Digital Prism Advisors, a leading management consultancy specializing in working with association executives, has laid out the 5 keys to success for membership organizations in the new economy in a report titled “The Future of Associations: Strategies to empower trade and professional associations in the new economy”:
TagFi’s all-in-one digital platform delivers on all of these points and more for organizations looking to get an edge in 2021 and beyond. You can find the full report here and read excerpts in this Insights by TagFi piece below.
Trade and professional associations have a rich history in our social and economic lives and have advanced the way we organize, communicate, and work together for the betterment of society. By bringing together like-minded people to learn, achieve, and promote common values, standards and solutions, associations seek to further the interests of an industry, profession, or cause.
Traditional models that have sustained the growth of associations over the last century are being challenged by the unprecedented pace of technological, social, and generational disruption occurring today. Associations need to respond to these changes with proactive strategies to identify alternative business models, growth opportunities, and an operating culture that can sustain them.
In this report Digital Prism Advisors, a leading management consultancy specializing in working with association executives, examines some of the root causes of this disruption and offers prescriptive insights for association executives who seek to transform their organizations in ways that prepare them to meet the needs of emerging professionals and future generations, and thrive in our increasingly interconnected, digital economy.
We explore five keys to success
• Re-invent member value
• Discover growth opportunities - market and mission mapping
• Integrate new business models
• Build a “digital-first” culture
• Create a Modern Operating Model
For associations to remain vibrant and sustainable they must embrace these new forms of communication and self-organization and integrate them into their core services and platforms. In doing so, associations will find they can reach and deliver their core value proposition to a broader universe of potential members with new efficiency and impact.
As new technology platforms and software reduce barriers and increase collaboration between industry players and professions, many associations will discover new customers and new constituencies in adjacent industry segments not previously considered for membership. With the insights from market mapping, associations can begin to think about how new products and services will serve new classifications and tiers of membership to drive growth.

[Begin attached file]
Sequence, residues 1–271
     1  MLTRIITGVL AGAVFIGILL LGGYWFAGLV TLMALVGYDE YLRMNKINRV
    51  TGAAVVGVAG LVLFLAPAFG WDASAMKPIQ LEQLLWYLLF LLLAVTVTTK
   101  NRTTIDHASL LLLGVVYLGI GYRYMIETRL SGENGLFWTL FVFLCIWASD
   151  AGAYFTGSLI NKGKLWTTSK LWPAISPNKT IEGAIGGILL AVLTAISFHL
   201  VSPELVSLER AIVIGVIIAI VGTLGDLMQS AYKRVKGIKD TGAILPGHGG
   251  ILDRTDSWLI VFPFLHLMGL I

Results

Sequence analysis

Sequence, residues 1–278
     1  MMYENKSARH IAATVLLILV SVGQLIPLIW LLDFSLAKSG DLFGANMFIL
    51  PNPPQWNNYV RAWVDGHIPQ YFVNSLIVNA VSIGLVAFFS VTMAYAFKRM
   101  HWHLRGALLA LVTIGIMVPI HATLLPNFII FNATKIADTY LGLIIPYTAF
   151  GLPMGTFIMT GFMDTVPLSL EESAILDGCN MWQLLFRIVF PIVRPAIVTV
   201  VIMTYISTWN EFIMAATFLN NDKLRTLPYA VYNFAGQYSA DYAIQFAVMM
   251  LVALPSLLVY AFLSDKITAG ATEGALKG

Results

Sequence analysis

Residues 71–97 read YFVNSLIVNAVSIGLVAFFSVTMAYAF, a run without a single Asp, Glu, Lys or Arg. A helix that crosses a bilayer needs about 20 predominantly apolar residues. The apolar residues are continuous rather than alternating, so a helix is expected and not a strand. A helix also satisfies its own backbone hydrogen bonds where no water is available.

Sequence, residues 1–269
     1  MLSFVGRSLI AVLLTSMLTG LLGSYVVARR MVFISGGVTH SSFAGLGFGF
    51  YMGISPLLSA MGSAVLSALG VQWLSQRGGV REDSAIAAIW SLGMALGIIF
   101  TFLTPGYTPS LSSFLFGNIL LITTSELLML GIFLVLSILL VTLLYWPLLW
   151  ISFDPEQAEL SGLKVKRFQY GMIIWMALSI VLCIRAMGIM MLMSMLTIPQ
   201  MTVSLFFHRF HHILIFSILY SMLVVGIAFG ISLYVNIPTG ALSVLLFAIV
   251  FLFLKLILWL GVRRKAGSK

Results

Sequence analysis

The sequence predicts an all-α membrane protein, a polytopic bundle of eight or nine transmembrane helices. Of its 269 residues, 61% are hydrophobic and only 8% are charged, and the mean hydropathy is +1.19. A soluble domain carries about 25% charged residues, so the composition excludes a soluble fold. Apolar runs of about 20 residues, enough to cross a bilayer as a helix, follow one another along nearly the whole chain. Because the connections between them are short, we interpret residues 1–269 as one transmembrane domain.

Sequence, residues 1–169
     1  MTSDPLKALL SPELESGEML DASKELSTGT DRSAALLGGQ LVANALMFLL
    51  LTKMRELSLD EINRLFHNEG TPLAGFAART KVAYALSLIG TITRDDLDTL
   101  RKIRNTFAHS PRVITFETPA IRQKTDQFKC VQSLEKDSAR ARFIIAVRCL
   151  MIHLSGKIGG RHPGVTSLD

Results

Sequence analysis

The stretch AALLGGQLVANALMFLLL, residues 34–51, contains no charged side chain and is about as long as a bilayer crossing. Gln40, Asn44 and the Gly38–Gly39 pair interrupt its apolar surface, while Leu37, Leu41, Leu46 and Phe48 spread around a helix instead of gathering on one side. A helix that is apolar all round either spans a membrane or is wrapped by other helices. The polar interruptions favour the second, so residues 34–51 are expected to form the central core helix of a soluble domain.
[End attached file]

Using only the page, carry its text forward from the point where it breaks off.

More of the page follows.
Because we are always customer-driven, the motivation to put digital first begins externally with member and market expectations. Big data and social media giants, such as Google, Facebook, Apple and Amazon have set a high bar for everyone – commercial enterprises and associations alike. There is now an expectation from users that if “they can do it, so can you.” This means associations need their market-facing digital presence to be more user friendly, intuitive, easy to navigate, and responsive than ever before.
Association executives should not underestimate the critical imperative to engage in a comprehensive, outside-in evaluation of all content delivery, content management, and content governance platforms. An association’s life-blood is its ability to connect and serve geographically dispersed members instantly, and digitally. Being digital and staying digital requires constant vigilance
But there is another benefit of being digital-first. Associations that can discover, extract, analyze, and integrate the trapped silos of data they already have, collect and own are finding new ways to leverage this data for the benefit of their members and markets. When you consider the multitude of engagement and touchpoints associations have with their members and other industry players – through member registration data, directories, certifications, continuing education, events, research papers, publications, websites, forums, chat and online groups, and awards programs – the potential to derive new value and new products is eye-opening. Associations need to consider how this data can be used by itself or combined with data from third-party partners or sources. Assessing the broader use-cases for integrated data can open customer opportunities in adjacent industries and markets.
Because of the direct relationship associations have with members, they are often in a unique and trusted position to collect data. Information exchange platforms and hubs managed by associations can be attractive and viable methods of developing value, so long as the data is repurposed with permission and some value accrues to or can be channeled back to members for their benefit. Data products and digital acuity are the new competitive differentiators in the association world and developing a culture around it will foster innovation and success.